In 2019, the Federal Territories Minister disclosed that all constructions within Kuala Lumpur would adhere to a maximum ratio of 1:10 (applicable to both commercial and residential real estate), in accordance with the guidelines outlined in the Kuala Lumpur City Plan 2020 (KLCP2020).
As a homebuyer, you might have heard about a development being 'high-dense', or high in density.
In the context of this subject, let's delve into the concepts of plot ratio and density to ensure clarity and comprehension.
Plot Ratio In A Nutshell
As per the Town & Country Planning Act of 1976, the plot ratio refers to the proportion between the total floor area of a building plot. This measurement is taken between the survey boundary lines or, if those aren't present, between the provisional boundary lines. The concept outlines the maximum extent and intensity of feasible construction on a specific parcel of land. It's important to note that the plot ratio doesn't establish the building's height limitation. However, certain restrictions may apply based on local planning zoning regulations. These limitations influence the overall Gross Floor Area (GFA) a building can have, contingent on the maximum plot ratio. Consequently, a smaller plinth area can lead to a greater building height or number of stories.
To calculate the plot ratio, you divide the Total Gross Floor Area by the Land Site Area.
The setting of plot ratios in Malaysia varies across different local authorities, aligning with state-specific guidelines. The discrepancies in the maximum limit for plot ratios can be substantial in distinct states. For instance, in certain sections of Kuala Lumpur, the plot ratio is capped at a maximum of 1:10 for both commercial and residential developments. This is stipulated in the Kuala Lumpur City Plan 2020 (KLCP2020). In contrast, the local authority in Kedah has established a plot ratio of 1:3.
In simpler terms, the plot ratio is a regulatory tool used in urban planning to govern how much building space can be developed on a given piece of land. It's a way to balance development intensity within a specific area, with higher plot ratios allowing for more built-up space and potentially taller structures. Different regions and cities may set their own plot ratios based on their development goals and the capacity of their infrastructure to support increased building density.
Density In A Nutshell
In accordance with the Town and Country Planning Act of 1976, Part I Section 2, the term "Density" refers to the concentration of land usage quantified by the count of individuals, dwelling units, or habitable rooms, or a combination thereof, relative to a specific land area. It's worth noting that within this context, a "Habitable room" does not encompass spaces like kitchens, storerooms, utility rooms, lavatories, bathrooms, or garages. This definition aligns with the Federal Territory (Planning) Act of 1982, which defines density as the intensity of land utilization, expressed in terms of individuals, dwelling units, or habitable rooms, or any combination of these elements, per unit area of land.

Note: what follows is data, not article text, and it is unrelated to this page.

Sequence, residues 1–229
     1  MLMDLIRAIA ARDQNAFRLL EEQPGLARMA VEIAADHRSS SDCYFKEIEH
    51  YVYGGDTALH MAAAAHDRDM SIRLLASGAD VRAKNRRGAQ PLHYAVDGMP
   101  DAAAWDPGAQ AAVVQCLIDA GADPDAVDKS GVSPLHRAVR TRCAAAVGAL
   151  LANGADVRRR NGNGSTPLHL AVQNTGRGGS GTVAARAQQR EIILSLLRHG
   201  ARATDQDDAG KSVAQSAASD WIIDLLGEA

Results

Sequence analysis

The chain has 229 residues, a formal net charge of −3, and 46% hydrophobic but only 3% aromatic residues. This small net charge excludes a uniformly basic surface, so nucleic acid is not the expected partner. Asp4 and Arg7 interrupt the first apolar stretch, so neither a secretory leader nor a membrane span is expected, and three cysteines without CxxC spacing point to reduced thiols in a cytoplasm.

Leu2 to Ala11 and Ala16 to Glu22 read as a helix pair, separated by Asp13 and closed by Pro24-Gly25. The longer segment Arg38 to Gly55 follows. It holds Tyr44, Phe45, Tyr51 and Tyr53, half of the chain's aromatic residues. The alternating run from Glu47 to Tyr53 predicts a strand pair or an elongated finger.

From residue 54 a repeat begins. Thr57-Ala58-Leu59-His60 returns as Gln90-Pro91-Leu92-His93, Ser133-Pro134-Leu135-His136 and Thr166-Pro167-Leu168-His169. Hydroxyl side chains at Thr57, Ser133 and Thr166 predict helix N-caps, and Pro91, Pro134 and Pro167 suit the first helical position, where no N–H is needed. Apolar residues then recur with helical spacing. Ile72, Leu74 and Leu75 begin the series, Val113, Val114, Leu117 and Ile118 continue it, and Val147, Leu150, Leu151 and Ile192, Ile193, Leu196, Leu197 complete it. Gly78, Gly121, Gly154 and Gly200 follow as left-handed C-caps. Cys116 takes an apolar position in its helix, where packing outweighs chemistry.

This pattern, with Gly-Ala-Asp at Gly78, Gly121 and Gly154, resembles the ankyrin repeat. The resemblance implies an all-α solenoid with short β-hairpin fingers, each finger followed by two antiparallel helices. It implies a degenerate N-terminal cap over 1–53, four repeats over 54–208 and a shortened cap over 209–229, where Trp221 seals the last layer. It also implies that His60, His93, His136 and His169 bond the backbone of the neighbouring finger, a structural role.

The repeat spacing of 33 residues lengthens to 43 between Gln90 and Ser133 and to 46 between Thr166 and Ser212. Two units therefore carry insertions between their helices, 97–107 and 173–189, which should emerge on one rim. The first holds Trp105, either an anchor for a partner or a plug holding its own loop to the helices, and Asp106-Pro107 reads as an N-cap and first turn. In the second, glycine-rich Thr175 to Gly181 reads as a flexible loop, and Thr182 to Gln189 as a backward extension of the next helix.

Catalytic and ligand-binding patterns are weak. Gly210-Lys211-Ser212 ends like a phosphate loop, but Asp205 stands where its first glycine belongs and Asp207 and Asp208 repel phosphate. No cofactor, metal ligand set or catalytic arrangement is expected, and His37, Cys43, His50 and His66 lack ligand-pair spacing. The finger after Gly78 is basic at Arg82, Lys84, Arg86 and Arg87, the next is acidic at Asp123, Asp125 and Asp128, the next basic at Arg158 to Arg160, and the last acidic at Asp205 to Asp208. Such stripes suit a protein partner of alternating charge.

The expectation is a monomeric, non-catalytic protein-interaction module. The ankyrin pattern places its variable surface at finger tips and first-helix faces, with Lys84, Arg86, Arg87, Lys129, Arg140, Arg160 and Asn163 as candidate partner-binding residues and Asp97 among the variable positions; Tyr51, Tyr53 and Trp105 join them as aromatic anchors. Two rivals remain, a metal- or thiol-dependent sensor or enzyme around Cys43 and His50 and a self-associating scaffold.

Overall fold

The concept of density control serves to ascertain the extent of proposed residential developments within a particular site. Its primary goal is to prevent urban sprawl beyond designated zones while promoting focused growth within regions supported by public transportation and infrastructure.
The necessity for density control stems from various factors:
- Preserving the distinct attributes of a site.
- Maintaining the character of the neighboring area.
- Safeguarding amenities for both current and future residents, encompassing public open spaces, landscaping, and parking facilities.
- Establishing a critical mass of inhabitants to support urban amenities such as public transit, local stores, and educational institutions.
- Catering to diverse housing preferences (e.g., apartments, bungalows, terraced houses) in Kuala Lumpur to address the distinct requirements of different communities.
What Does It Mean For Kuala Lumpur In Terms Of Plot Ratio ?
In the context of Kuala Lumpur, a plot ratio of 1:10 signifies a specific regulation in urban planning and development. This ratio stipulates that for every unit area of land, only up to 10 times the land area can be constructed as gross floor area (GFA) within a building.
In simpler terms, if you have a land area of 1 square metre, you can construct a total of 10 square metres of building space across all floors. This includes all the levels of the building, whether they are above ground or below it.
A plot ratio of 1:10, as applicable in Kuala Lumpur, aims to control and manage the intensity of development within the city. It helps strike a balance between creating enough built-up space to accommodate various functions like commercial and residential areas, while also considering aspects such as infrastructure capacity, environmental impact, and the overall urban landscape.
This regulation influences the shape and height of buildings, the amount of open spaces, and the overall density of development within Kuala Lumpur, shaping its urban fabric and ensuring a sustainable approach to growth.